The Obvious

in danish, “gift” means both “married” and “poison”

Posted in family, gifts, new year by theobvious on December 29, 2010

Gifts are a big deal in our family. We don’t do Christmas (nobody but A. is religious, but aside from that we’re as Jewish as they get, even our pets are neurotic and whiny and have a weird sense of humour), so we compensate on birthdays and New Year’s Eve. Naturally, with our splendid organizational skills (spot the sarcasm), we all end up in a mad hurry, scrambling to get presents for everyone at the last moment. The wrapping we do after the last moment, minutes before sticking the gifts under the ficus that represents a Christmas tree in my parents’ house. And if only we were a sensible family who just gave a gift each, that would still not be the end of the world. But no such luck. We believe in the “many smaller gifts” approach. Thence arrive conversations like this:

— What are we getting my brother?
— Let’s get him a parrot. (all gifts in this post are fictional)
— Okay, a parrot. And probably a parrot-owner’s manual.
— And obviously a cage and parrot food.
— Obviously. But WHAT ELSE? (cue anguish of body and mind over having NO GIFT TO SPEAK OF)

The gifting ceremony is held around the ficus with active involvement on the part of the Dog and the Cat. This year, there’s also Baby Cat who in all likelihood will contribute to the general merriment. Each gift is extracted in turn, the label read, and the gift delivered accordingly. The receiver is expected to unwrap it immediately and share the joy with everyone. Only after the present has been thoroughly inspected by all of the assembled may the next one be brought out. With regard to this ceremony, a careful balance must be preserved. What if someone gets five tiny gifts (e.g., socks, playing cards, a humorous calendar, and two balls of yarn) while someone else only gets one huge one (a cow, for instance)? The one may be disappointed with the scale, while the other will be forced to sit through the entire thing clutching their cow and following everyone’s gifts with envious looks. Yes, of course it’s the thought that matters, but nonetheless conferences are held of the following ilk:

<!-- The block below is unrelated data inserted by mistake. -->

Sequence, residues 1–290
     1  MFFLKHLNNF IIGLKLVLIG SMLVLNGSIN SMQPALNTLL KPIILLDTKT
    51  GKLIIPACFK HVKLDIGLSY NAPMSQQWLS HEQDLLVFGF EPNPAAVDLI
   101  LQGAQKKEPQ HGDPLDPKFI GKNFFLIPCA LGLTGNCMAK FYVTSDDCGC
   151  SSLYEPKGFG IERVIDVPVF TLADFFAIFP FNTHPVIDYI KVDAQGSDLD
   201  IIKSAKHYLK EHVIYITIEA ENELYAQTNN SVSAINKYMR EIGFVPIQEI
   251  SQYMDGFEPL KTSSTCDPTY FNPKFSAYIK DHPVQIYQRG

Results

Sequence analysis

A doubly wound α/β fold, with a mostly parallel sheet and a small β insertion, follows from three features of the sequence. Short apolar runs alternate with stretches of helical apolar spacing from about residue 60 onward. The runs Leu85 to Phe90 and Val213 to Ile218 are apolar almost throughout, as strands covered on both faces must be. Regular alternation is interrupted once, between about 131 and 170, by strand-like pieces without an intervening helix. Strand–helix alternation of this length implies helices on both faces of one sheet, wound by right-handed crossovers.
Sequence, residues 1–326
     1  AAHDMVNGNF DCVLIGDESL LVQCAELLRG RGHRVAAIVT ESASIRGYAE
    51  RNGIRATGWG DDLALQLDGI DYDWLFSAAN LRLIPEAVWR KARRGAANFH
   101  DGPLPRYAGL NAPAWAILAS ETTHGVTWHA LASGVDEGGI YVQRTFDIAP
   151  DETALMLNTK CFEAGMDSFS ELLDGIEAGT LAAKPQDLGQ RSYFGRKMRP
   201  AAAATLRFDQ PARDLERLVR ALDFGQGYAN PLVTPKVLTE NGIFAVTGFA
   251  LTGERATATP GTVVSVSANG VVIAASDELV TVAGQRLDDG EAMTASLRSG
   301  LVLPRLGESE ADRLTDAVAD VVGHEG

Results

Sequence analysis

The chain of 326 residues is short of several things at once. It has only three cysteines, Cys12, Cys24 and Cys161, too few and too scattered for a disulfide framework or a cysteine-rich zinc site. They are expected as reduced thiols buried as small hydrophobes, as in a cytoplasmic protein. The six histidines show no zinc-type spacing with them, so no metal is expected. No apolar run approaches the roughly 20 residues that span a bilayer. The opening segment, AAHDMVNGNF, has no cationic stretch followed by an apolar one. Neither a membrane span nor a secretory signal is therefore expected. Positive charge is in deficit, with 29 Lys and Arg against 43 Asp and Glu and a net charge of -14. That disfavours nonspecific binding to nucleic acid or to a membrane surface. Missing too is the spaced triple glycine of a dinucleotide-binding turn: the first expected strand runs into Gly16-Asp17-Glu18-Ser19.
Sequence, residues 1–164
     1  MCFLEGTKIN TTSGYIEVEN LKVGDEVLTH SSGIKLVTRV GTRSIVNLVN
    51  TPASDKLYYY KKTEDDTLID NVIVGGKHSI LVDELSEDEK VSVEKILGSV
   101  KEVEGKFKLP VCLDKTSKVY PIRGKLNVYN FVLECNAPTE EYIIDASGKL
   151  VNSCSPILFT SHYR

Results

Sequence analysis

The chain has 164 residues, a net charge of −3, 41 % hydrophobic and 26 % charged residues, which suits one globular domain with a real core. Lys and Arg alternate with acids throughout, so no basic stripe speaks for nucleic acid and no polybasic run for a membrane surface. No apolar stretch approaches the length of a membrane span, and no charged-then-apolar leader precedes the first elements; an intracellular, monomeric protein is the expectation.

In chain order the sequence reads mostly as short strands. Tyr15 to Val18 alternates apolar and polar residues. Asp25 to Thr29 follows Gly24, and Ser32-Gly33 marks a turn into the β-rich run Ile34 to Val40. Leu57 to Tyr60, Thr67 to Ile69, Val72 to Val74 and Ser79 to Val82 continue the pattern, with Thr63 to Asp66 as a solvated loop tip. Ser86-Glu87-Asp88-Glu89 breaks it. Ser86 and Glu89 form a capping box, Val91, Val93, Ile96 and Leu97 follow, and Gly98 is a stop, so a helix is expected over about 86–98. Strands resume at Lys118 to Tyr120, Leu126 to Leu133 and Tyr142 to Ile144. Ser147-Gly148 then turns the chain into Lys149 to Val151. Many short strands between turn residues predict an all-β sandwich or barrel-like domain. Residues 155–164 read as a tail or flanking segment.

— Did you get something for Grandma?
— Well, she needs a new lawnmower, we thought we’d all chip in.
— Yes, but then she’ll only have that. How about we add a hairnet and some sparkly tooth ornaments?
— But won’t that be too much? Remember, it’s her birthday in January, what shall we get then?
— Well, she can’t just have the one, can she. You give her the lawnmower, we’ll think of something.

There are family members more difficult to shop for than others. Our grandparents win that race hands down. What do you get an elderly man who is convinced he must pay for everything anyone over two generations down buys, or a woman who manages to work into every conversation an offer of something in her house?

— Look, Grandma, I got a new ring. Do you like it?
— Ring? That’s a nice ring. I have many rings too! They are beautiful rings, why don’t you take some?
— Thanks, but I already have the one.
— Yes, but they are silver! Gold, I’m not even offering, I know how you are, but these are delicate! I know you don’t wear large jewelry. Also, I have nice crystal vases, do you want them?
— Thanks, Grandma, you’ve sure got many beautiful things here.
— Much good it does me with grandchildren who take nothing!

Naturally, scheming, plotting, and conspiring are all part of the game. People enlist each other in helping to find, buy, hide, and wrap gifts. Deals are struck after some bartering. One is let on another’s brilliant find as a sponsor, after begging for hours that the other accept their money. The most popular phrase is “forget it, let it be a gift from both of us, and you don’t owe me anything”, because when it comes to finance management, we are about as brilliant as we are organized. (But we’re all very generous.) By the night of December 31st usually everyone knows everyone’s gifts but their own. Still, somehow, the element of surprise is preserved. After a very noisy and happy hour of exchanging gifts, everyone sighs contentedly and goes into their own corner to sit on a pile of wrapping paper and read the new books they (most likely) got. And that really is all anyone wanted in the first place.

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One Response

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  1. lara said, on January 1, 2011 at 11:28 pm

    why wouldn’t you proceed to full size memoir, this family is much more interesting in your descriptions than in reality!


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